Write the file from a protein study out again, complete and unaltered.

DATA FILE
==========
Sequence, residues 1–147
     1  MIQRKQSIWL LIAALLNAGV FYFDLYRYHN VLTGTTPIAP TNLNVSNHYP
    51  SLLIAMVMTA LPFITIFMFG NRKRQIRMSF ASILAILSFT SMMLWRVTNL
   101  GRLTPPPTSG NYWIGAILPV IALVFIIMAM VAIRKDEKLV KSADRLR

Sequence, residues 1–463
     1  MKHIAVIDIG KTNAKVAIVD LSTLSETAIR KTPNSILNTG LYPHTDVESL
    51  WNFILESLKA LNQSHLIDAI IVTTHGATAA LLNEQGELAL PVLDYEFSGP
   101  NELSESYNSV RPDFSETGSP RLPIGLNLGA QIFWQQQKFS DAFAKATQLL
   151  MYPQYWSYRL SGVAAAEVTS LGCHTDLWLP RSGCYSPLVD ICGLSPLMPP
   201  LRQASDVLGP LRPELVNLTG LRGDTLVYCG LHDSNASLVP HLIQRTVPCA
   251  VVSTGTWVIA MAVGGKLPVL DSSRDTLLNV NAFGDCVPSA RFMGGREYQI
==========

Sequence, residues 1–147
     1  MIQRKQSIWL LIAALLNAGV FYFDLYRYHN VLTGTTPIAP TNLNVSNHYP
    51  SLLIAMVMTA LPFITIFMFG NRKRQIRMSF ASILAILSFT SMMLWRVTNL
   101  GRLTPPPTSG NYWIGAILPV IALVFIIMAM VAIRKDEKLV KSADRLR

Sequence, residues 1–463
     1  MKHIAVIDIG KTNAKVAIVD LSTLSETAIR KTPNSILNTG LYPHTDVESL
    51  WNFILESLKA LNQSHLIDAI IVTTHGATAA LLNEQGELAL PVLDYEFSGP
   101  NELSESYNSV RPDFSETGSP RLPIGLNLGA QIFWQQQKFS DAFAKATQLL
   151  MYPQYWSYRL SGVAAAEVTS LGCHTDLWLP RSGCYSPLVD ICGLSPLMPP
   201  LRQASDVLGP LRPELVNLTG LRGDTLVYCG LHDSNASLVP HLIQRTVPCA
   251  VVSTGTWVIA MAVGGKLPVL DSSRDTLLNV NAFGDCVPSA RFMGGREYQI